Everything I ever was comes from here.
The near-empty shelves with a few loaves of Langendorf bread.
The slow gait of the man who ran the store.
For kerosene, we had to go to Grand Marais.
Here was ice, pancake mix, and milk.
The only place of commerce in a town
that's basically an intersection in the woods.
Its only luxury, the Lutheran church built like an eagle's wing
in light wood, about to take off.
Turn left onto the long, birch-forest-lined road
and its universe will enter into you,
breathing through the flickering leaves,
your wind mixed with fir-scented breezes
and thousands of glints spilling onto you.
You are a child here,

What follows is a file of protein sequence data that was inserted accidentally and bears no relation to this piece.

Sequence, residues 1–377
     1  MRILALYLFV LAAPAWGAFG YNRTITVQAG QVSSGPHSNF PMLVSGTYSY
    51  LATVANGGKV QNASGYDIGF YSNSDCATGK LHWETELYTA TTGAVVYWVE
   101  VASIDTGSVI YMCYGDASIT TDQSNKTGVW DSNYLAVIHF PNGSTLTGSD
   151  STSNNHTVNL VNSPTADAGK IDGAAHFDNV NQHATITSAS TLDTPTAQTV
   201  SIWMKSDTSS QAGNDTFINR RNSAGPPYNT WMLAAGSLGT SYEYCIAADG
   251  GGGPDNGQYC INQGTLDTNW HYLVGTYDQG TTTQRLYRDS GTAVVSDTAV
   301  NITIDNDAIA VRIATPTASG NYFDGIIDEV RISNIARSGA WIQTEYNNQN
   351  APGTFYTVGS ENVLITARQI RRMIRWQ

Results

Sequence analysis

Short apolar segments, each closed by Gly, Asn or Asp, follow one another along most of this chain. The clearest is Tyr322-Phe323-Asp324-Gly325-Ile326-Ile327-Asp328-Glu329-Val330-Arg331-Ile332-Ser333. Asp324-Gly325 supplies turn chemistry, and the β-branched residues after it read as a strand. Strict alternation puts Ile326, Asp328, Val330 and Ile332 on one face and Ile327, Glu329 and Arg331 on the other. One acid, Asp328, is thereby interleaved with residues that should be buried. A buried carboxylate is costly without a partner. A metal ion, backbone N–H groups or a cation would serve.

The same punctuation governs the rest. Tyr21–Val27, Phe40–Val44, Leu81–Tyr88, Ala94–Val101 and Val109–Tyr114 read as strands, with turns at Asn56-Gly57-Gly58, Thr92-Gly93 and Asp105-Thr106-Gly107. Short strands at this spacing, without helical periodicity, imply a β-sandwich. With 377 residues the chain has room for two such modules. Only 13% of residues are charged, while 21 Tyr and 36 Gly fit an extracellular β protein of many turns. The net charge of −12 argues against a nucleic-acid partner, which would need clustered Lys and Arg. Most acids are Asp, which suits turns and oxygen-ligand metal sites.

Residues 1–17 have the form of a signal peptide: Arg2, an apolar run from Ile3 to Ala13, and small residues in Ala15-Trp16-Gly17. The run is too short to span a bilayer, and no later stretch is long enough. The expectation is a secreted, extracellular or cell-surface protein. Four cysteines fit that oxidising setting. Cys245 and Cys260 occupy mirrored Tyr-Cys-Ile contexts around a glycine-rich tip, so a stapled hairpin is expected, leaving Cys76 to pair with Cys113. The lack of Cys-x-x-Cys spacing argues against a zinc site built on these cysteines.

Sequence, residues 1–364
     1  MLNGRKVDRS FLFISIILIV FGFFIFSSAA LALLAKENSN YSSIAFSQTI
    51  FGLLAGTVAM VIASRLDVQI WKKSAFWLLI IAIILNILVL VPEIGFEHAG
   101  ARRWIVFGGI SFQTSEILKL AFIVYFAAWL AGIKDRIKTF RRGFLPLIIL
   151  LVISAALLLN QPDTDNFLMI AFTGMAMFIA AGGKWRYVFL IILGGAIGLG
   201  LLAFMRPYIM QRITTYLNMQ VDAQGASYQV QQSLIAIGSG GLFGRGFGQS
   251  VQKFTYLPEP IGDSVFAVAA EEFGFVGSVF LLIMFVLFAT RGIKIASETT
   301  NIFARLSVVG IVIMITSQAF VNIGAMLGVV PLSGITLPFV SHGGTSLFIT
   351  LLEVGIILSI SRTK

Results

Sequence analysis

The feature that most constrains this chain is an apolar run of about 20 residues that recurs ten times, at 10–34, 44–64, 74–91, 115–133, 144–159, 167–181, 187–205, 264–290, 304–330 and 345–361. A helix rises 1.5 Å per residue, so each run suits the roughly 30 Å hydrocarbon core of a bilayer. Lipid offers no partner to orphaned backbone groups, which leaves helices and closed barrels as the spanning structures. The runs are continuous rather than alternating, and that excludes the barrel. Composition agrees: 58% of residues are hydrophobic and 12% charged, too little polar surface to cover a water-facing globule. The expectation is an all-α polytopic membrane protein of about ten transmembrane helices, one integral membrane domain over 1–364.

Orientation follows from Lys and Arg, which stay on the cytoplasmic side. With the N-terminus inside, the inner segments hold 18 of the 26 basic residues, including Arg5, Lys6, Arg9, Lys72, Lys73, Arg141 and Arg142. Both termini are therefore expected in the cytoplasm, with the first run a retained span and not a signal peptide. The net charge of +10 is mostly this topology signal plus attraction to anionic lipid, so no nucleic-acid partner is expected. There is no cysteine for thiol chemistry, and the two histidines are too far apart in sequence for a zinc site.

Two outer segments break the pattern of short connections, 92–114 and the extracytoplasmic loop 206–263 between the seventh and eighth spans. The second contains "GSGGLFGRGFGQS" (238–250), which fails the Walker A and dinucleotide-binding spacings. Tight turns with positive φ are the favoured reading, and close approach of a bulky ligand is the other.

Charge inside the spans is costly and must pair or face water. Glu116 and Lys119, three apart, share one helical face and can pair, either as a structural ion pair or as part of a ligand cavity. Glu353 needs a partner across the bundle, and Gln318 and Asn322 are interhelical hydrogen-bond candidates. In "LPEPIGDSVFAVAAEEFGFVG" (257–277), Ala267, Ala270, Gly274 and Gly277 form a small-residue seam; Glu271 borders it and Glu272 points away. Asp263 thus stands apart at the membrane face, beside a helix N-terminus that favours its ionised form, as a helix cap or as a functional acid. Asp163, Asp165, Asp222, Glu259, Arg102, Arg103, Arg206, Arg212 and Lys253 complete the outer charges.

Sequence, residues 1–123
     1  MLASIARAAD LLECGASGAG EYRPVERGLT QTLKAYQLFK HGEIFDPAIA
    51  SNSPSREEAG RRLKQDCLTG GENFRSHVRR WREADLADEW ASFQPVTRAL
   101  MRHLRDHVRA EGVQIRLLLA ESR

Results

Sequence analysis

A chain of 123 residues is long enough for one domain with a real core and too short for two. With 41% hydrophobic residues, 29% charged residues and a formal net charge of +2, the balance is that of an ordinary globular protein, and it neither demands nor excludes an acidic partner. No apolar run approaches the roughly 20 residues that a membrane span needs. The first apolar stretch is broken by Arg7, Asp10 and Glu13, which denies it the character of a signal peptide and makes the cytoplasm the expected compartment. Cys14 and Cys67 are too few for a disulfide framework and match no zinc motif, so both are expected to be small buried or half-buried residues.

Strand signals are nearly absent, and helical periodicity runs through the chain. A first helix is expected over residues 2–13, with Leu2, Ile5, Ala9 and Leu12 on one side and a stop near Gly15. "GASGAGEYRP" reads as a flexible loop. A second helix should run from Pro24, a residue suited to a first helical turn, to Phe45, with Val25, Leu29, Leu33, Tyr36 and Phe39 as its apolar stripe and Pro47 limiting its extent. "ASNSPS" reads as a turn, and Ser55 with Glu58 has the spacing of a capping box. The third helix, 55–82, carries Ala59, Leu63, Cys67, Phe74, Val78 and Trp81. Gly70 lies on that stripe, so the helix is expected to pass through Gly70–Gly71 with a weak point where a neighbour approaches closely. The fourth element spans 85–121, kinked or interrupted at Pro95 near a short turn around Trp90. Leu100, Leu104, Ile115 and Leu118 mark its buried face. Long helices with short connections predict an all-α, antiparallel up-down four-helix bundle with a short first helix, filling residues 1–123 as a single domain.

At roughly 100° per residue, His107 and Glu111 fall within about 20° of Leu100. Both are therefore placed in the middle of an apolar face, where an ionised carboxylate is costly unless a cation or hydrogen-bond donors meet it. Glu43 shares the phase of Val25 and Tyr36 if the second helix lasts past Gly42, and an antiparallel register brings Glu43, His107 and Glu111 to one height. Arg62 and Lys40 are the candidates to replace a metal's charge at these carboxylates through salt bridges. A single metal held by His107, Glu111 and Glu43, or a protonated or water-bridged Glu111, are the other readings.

your heart filling so fast
it could take years to sort it out.
We drive you seven miles to the cabin,
fix the broken bridge with fallen logs.
We spent our summers here
etched by twigs and branches, redolent
with 6-12 repellant, linseed oil, a bearskin rug,
and woods in every breath.
Sweat with me, carry these metal buckets
down to the spring.
Did you ever imagine it spilling cold from wooden barrels
buried in the earth?
Forever cooled by leaf-shadows, by gnat-clouds
hovering in unearthly daylight,
your pores fill to overflowing,
humming to the very core of your being,
the weeds and deerflies fluttering words: alive…
When you die, the shelves of bread will again be almost bare,
and you will leave this cherished earth
on wood so light it wings.
Siham Karami’s work can be found or is forthcoming in such places as The Comstock Review, Able Muse, The Rumpus, Tupelo Quarterly Review, and Off the Coast, among others. Her first poetry collection, To Love the River, will be published in early 2019. Nominated multiple times for both the Pushcart and Best of the Net, she blogs at sihamkarami.wordpress.com